It came as quite a surprise to me to read an reports, including this one from Gartner (http://www.gartner.com/newsroom/id/3443517) , that indicated that cloud spending was at around 210 billion in 2016 out of a total IT spend of around 3.5 trillion dollars (http://www.gartner.com/newsroom/id/3568917).Why was I surprised? Mostly because Microsoft seems to be relentlessly banging the drum about the future being all cloud and that on-premises IT was on a path to irrelevance and extinction. Listen to...
  6. No country for old IT Pros and Devs?

    My 14 year old son made an interesting observation the other day. When I asked him about possible future careers that he might be interested in, one that definitely wasn’t on the cards was IT. When I asked him about it he said that he wasn’t sure why anyone would choose a career from the outset where everything you learned became irrelevant so quickly and that if you weren’t constantly studying, you were likely to end up unemployed.Is IT a lifelong career?He also pointed out that as far as he could...
  7. The most important IT skill?

    Every year people publish lists of the hottest most in-demand IT skills. Some years it is new technologies like virtualization or containers, other years it’s understanding processes like ITIL or how to decipher compliance regulations.But there is a more important skill for IT Pros that transcends the hot technology of the moment or whatever the latest soft skills fad is.Do you know what it is?It’s the skill of being able to reliably solve complex problems.The trick to understand about reliably solving...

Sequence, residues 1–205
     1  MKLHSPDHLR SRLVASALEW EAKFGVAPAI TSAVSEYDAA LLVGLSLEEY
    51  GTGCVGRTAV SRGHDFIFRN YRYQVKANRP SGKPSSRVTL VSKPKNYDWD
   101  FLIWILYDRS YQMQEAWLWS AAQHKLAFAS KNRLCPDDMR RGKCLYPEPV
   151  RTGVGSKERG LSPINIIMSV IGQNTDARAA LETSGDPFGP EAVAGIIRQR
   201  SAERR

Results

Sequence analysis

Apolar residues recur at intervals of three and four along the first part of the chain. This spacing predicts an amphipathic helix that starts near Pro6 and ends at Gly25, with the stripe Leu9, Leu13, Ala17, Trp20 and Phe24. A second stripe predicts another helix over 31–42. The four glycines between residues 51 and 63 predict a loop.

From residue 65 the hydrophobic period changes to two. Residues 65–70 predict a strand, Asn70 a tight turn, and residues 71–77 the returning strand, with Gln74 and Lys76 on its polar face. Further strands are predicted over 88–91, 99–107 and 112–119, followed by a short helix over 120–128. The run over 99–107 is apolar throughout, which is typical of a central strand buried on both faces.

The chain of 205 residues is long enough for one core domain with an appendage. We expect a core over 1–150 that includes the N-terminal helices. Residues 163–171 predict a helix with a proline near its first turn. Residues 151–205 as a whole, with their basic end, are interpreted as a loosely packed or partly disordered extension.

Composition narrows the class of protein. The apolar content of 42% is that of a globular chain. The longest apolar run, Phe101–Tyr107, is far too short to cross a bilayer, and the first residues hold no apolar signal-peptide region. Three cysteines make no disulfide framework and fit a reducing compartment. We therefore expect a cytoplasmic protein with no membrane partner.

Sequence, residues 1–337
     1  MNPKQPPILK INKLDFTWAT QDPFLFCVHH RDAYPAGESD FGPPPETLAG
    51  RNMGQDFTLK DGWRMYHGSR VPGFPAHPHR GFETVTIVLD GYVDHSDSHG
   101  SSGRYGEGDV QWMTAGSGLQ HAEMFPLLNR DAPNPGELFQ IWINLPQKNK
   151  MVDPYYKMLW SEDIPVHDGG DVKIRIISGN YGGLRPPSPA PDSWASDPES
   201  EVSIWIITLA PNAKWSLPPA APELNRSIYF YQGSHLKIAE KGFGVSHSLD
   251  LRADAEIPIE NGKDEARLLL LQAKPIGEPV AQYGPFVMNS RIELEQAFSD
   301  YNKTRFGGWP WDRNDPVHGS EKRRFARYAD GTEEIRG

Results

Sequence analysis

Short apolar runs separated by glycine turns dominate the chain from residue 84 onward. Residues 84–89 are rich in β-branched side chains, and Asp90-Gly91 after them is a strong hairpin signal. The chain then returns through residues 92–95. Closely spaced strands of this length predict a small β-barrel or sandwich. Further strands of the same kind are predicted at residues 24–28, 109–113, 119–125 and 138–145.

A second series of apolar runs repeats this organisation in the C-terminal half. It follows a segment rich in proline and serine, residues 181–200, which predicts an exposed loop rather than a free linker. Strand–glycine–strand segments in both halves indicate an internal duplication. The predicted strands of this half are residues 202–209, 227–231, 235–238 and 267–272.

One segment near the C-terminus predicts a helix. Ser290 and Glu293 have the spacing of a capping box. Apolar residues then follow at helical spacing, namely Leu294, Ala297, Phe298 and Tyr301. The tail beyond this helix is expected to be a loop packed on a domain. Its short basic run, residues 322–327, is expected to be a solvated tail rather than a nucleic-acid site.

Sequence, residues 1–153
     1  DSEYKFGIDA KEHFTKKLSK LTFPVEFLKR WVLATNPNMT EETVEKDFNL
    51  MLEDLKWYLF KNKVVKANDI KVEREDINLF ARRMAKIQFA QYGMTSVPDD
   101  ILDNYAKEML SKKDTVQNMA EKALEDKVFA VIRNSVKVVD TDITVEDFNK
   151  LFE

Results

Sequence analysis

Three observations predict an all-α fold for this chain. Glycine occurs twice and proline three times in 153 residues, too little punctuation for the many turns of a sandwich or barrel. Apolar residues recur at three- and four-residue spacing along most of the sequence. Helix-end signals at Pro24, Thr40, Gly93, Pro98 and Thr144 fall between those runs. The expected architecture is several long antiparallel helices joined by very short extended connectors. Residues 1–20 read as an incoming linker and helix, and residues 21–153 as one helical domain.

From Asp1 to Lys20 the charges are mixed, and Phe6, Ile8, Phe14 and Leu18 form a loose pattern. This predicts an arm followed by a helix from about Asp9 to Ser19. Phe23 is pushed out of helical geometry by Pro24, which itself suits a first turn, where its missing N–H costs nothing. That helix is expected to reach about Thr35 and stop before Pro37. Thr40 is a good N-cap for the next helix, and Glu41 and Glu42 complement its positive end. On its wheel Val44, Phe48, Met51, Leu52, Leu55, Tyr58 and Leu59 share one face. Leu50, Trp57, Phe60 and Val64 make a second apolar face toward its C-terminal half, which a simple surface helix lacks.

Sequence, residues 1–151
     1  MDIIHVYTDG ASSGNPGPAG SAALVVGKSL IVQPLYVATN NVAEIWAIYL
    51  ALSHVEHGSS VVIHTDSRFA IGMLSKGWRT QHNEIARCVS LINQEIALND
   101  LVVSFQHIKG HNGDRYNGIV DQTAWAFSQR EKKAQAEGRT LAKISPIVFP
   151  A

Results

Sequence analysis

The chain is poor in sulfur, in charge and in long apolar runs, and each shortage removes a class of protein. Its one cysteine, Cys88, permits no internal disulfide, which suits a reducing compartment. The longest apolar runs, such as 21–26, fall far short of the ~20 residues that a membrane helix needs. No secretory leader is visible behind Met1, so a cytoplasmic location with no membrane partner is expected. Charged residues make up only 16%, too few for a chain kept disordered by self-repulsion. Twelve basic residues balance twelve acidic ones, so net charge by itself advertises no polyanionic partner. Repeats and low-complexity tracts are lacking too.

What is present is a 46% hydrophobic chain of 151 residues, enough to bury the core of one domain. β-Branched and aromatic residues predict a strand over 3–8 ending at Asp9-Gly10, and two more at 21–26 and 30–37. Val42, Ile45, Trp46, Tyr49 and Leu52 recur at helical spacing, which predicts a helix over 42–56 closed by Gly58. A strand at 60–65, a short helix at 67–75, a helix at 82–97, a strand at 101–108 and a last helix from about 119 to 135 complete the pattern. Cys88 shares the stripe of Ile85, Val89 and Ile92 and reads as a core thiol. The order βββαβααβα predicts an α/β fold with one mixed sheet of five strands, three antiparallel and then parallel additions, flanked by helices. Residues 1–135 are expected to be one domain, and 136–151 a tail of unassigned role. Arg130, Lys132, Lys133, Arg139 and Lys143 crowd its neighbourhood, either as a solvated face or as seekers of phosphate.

8. Why is there never a recruiter around when you need one?

    A friend of mine recently complained that when he was looking to leave his previous job, he couldn’t get the attention of a recruiter. But that when he landed his current job at a well known prestigious company, he was overwhelmed with unsolicited recruiter interest trying to lure him away.It’s not that my friend suddenly developed an amazingly more comprehensive skill set in those short period of months. I have friends who have fantastic skillsets and who aren’t contacted at all by recruiters. I...
  9. Best way to force yourself to study for a certification exam is to schedule one

    Procrastination is the one of the biggest enemies of accomplishment. When it comes to scheduling and taking certification exams, I know people who have constantly let procrastination get the better of them.A ton of people have asked me for career advice over the year. I’ve mentioned that a good place to start to get traction is picking up a few certifications as a way of attesting to the skills they already have or to gain some structure when it comes to achieving skills they want.Many of these people...
  10. Grow your career by getting involved in user groups

    One of the things that I’ve noticed about successful people in the technology industry is that almost all of them in some way have been or are involved in their local user groups. A user groups is a collection of people that meet on a regular basis to hear lectures and swap information about a particular technology or platform.Not just enthusiasts, but fellow professionalsOne misconception that many people have is that user groups are just enthusiastic amateurs talking about technically simple topics....